The classic Negroni is a lethally delicious mix involving equal measures of gin, red vermouth and a bitter spirit (most commonly the vividly crimson Campari), mixed over ice and completed with a slice or a sliver of orange. The cocktail color is therefore a deeply intense red hue. “I sent a couple of pictures of my favorite density of the Negroni and Douglas milled a tweed prototype.” Hranek then showed the fabric to a few friends and they “went crazy for it,” he muses. “The Negroni tweed is quite a bold fabric and people started making full suits and blazers, even overcoats with it.”

Then came the making of the trunk. The initial Moroccan venture didn’t quite work out and so Hranek approached Tanner Krolle, the luxury leather goods brand with a long history of making travel trunks for Aston Martin as well as the likes of Sir Sterling Moss, Jackie Onassis, Cary Grant and Princess Dianna. “They loved the Negroni Trunk idea and agreed to collaborate,” he says. “A big part of their brand heritage is this beautiful horsehair that’s woven into the fabric and is matt and durable without feeling too tweedy or hairy. We lined it with saturated red suede, so when you open the trunk there is an explosion of color.” For the final touch, Hranek teamed with the French crystal maker Baccarat to create branded glasses for his Negroni Trunk. And a prototype case was born.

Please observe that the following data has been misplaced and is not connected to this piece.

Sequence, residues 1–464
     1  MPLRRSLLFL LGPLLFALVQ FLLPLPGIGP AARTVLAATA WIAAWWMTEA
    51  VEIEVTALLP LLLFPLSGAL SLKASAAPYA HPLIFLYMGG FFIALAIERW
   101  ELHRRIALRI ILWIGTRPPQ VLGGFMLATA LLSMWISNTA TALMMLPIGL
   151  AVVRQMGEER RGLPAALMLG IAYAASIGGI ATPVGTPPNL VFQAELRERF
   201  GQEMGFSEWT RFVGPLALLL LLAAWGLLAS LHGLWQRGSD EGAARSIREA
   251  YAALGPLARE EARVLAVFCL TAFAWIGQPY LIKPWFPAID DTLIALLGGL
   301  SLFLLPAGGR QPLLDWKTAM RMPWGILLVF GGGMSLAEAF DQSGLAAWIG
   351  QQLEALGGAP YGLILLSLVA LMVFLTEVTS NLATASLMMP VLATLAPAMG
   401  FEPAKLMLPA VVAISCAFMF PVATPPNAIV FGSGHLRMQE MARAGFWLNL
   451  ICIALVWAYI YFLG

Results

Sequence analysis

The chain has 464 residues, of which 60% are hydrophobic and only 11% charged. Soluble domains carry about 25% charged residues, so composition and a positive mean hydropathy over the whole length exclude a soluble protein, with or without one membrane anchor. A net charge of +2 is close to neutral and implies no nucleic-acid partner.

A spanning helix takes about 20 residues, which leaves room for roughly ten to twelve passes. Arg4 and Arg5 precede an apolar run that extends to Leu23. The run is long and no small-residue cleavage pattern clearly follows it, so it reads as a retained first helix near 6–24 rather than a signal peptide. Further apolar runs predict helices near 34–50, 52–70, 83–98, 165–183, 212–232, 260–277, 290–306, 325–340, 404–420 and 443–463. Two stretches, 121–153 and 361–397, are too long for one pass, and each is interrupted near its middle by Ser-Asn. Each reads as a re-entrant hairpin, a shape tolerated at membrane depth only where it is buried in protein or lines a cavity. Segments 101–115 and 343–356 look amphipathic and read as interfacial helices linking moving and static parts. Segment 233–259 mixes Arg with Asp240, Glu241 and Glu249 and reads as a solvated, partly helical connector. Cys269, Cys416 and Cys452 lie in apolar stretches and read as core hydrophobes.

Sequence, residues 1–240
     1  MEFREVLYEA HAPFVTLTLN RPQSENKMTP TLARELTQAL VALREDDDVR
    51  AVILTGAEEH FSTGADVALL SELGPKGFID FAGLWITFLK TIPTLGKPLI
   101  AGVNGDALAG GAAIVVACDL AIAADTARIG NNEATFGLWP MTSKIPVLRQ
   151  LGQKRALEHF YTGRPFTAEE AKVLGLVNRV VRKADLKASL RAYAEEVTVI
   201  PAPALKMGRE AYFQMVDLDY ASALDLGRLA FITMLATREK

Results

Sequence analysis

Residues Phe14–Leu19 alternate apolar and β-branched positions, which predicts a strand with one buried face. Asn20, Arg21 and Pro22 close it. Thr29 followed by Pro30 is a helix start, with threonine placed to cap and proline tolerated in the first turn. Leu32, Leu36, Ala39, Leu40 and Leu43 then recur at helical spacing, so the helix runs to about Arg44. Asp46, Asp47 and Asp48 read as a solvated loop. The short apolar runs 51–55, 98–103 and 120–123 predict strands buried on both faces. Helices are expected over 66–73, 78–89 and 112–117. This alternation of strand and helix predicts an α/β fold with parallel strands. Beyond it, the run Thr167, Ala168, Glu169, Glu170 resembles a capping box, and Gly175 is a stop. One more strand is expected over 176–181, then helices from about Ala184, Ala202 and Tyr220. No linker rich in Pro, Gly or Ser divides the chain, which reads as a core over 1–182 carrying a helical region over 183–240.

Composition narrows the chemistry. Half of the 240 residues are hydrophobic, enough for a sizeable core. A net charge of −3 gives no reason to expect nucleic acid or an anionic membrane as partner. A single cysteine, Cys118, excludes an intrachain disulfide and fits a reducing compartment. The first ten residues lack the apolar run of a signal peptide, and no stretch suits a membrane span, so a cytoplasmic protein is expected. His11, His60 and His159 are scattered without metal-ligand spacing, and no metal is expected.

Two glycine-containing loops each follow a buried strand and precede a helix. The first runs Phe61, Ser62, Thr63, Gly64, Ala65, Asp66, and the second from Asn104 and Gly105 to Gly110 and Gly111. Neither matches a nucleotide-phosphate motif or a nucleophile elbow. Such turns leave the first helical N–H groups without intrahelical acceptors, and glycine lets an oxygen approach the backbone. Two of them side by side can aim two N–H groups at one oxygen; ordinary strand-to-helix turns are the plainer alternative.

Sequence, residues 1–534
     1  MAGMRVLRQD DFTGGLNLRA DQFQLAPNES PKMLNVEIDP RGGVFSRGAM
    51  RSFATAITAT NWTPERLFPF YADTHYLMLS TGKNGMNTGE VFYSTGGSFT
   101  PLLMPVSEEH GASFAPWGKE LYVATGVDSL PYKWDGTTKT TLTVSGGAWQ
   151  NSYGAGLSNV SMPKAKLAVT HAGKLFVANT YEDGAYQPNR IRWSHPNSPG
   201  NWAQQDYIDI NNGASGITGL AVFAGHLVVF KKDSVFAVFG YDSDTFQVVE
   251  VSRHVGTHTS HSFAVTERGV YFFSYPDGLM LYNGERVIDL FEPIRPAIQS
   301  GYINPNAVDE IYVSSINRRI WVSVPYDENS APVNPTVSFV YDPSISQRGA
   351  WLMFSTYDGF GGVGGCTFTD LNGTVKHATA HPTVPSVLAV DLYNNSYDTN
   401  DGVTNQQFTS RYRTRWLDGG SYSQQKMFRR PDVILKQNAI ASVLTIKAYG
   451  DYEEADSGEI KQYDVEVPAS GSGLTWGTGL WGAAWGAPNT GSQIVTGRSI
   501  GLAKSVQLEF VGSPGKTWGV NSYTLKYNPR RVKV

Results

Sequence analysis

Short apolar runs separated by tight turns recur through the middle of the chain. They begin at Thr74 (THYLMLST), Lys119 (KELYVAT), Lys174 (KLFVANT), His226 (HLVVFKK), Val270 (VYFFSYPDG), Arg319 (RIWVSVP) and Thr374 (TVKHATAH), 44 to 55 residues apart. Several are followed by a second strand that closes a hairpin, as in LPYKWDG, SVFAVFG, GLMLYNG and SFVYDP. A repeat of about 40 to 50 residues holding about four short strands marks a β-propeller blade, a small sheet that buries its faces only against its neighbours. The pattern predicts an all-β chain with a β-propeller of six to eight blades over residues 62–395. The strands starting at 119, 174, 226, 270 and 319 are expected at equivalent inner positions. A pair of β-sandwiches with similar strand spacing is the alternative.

The Negroni Trunks are made-to-order and are customized and handmade in Italy. “The response has been incredible with people loving the idea, but they’re not cheap to create because of the material and the time it takes to make one. My dream is to do a limited run and reduce the cost for more people to enjoy it,” he says, adding with a chuckle, “so it’s not like investing in a car.”

I ask Hranek if he plans on Negroni Trunk derivatives, such as a mini satchel or rucksack for bikers or hikers. He says he did toy with a padded canvas bag idea containing three sections for the bottles but admits the car concept has more appeal. “The Negroni Trunk really suits an automobile trunk best because it’s not light. Once packed with bottles and glasses and barware it is like a solid piece of luggage.”

We are speaking very much in the height of New York and London’s coronavirus lockdown, so the mere idea of travel and road trips could not be more exotic. Since neither of us advocate drinking and driving, I’m intrigued to know how Hranek imagines the Negroni Trunk being used. “It is perfect for your sundowner, or a weekend away fly-fishing with a picnic by the lake. It is an elegant exchange, don’t you think? I love things that are dedicated to purpose.”

I ask of his ideal Negroni Trunk wheels. “I’m a big Land Rover fan,” he replies. “The fantasy would be to pair the trunk with a vintage Series II Land Rover, but equally it will suite the new Defender. What could be better than a four-wheel-drive through the wilderness, then at the end of the day pulling out an elegant Negroni Trunk with a bucket full of ice and mixing up a cocktail,” he says adding amusingly, “Looking ahead, I see a full Negroni objet world domination. You know, the project really started off as a big folly, but has been a really interesting one to develop.”

See the Rolls-Royce Champagne Chest, Marc Newson’s bespoke Ferrari luggage collection for Ferrari and read why car brands can benefit from collaborating with creatives from outside the auto world. Follow the link in my bio to see The Life Negroni.